Magical Truthsaying Bastard Shadesong (shadesong) wrote,
Magical Truthsaying Bastard Shadesong
shadesong

On my lost years

In September 2003, I began having complex partial seizures.

"I jump the track. That's what it feels like. I'm proceeding as normal, then all of a sudden, my brain is just suddenly wrong. I can't string thoughts together. I can't make my brain work. And I am aware when this happens. I am aware that everything is off and wrong, and I'm aware of my struggle to make the connections. And my inability to do so."

It's actually not uncommon for people, especially women, to suddenly develop epilepsy in their late 20s. I was fairly textbook in this. Two other things worthy of note: My mom says I spaced out as a kid, but that could be a retcon. And mesial hippocampal sclerosis, the lesion on my hippocampus that is my seizure focus, can be caused by untreated celiac disease.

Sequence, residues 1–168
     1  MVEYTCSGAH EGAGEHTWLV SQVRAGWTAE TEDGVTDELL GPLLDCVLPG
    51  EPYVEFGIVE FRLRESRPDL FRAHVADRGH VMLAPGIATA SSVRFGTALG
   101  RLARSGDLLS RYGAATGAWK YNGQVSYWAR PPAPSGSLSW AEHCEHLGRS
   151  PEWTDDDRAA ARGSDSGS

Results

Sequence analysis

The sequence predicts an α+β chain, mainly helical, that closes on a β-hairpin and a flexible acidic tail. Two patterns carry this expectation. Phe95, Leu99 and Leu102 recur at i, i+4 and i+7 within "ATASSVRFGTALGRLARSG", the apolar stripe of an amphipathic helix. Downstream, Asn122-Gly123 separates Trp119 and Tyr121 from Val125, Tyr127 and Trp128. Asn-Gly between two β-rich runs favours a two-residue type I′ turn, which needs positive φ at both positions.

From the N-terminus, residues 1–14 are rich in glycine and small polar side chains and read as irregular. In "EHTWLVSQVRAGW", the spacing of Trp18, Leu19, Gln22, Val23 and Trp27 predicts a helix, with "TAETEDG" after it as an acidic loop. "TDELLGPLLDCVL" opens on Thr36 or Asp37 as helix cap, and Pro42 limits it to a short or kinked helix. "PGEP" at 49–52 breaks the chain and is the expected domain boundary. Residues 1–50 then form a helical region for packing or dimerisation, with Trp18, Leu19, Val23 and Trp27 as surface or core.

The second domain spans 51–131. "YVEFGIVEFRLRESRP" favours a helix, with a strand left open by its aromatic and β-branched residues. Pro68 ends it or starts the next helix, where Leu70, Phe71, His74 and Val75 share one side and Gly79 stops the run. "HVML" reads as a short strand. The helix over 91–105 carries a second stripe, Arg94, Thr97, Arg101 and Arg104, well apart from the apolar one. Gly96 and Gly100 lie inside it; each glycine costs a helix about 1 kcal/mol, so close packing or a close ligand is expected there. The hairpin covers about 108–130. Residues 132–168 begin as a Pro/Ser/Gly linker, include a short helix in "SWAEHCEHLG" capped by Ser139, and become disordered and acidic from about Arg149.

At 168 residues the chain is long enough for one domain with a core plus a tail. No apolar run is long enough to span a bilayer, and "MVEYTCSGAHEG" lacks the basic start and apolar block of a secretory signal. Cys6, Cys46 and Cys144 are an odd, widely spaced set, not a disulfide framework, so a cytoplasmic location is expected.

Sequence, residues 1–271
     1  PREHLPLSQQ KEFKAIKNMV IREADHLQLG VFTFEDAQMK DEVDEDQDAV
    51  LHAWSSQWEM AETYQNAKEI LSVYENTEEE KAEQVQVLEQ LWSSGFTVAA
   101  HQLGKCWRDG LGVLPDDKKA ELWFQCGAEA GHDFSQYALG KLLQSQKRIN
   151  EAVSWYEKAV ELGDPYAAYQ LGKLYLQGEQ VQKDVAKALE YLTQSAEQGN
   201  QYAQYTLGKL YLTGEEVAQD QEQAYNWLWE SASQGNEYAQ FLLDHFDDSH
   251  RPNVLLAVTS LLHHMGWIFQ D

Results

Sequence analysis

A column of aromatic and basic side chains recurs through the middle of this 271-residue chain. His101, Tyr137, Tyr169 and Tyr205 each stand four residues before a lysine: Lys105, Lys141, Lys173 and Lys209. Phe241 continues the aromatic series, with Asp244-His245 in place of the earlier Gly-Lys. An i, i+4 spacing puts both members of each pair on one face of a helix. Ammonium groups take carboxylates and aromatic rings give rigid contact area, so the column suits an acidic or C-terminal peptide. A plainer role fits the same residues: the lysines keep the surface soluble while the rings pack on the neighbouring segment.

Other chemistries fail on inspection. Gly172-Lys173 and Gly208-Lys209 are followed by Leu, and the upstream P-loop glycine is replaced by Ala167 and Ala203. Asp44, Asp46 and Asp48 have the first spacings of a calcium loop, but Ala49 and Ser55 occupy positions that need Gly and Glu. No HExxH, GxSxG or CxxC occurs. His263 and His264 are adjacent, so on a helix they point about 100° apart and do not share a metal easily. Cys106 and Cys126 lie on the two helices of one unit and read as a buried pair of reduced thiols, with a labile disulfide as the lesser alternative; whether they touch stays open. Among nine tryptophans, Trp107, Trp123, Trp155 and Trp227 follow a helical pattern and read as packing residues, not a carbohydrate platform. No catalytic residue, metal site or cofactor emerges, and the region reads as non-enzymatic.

October 7, 2003: "You never really want to hear "We saw something odd on the MRI." No matter how much you think maybe you do, you really don't." ... "I was hoping it would be something *fixable*. A growth or something - fine, cut me open and take it out and make me 100% well again. Instead, I have a small hippocampus with a lesion and a mandate not to drive anymore and two bottles of pills and a pamphlet titled "Women and Epilepsy" and a list of neurologist-approved URLs, and I'm quietly reading. Sometimes you look back on a day years later and realized that that's when your life changed. Sometimes you know that your life has just changed as it's happening. Sometimes you feel it happen."

The drugs were hell.

I'm not exaggerating. This is not hyperbole. I cannot imagine a hell worse than the drugs.

The first one I was on was Lamictal. On Lamictal, I lost 40 pounds in just a few months; this caused half my hair to fall out. I was so nauseous that I could sometimes only eat a single bite of food at a time. Constant violent nausea. Reader, I was able to eat so little that I developed scurvy.

That is not all.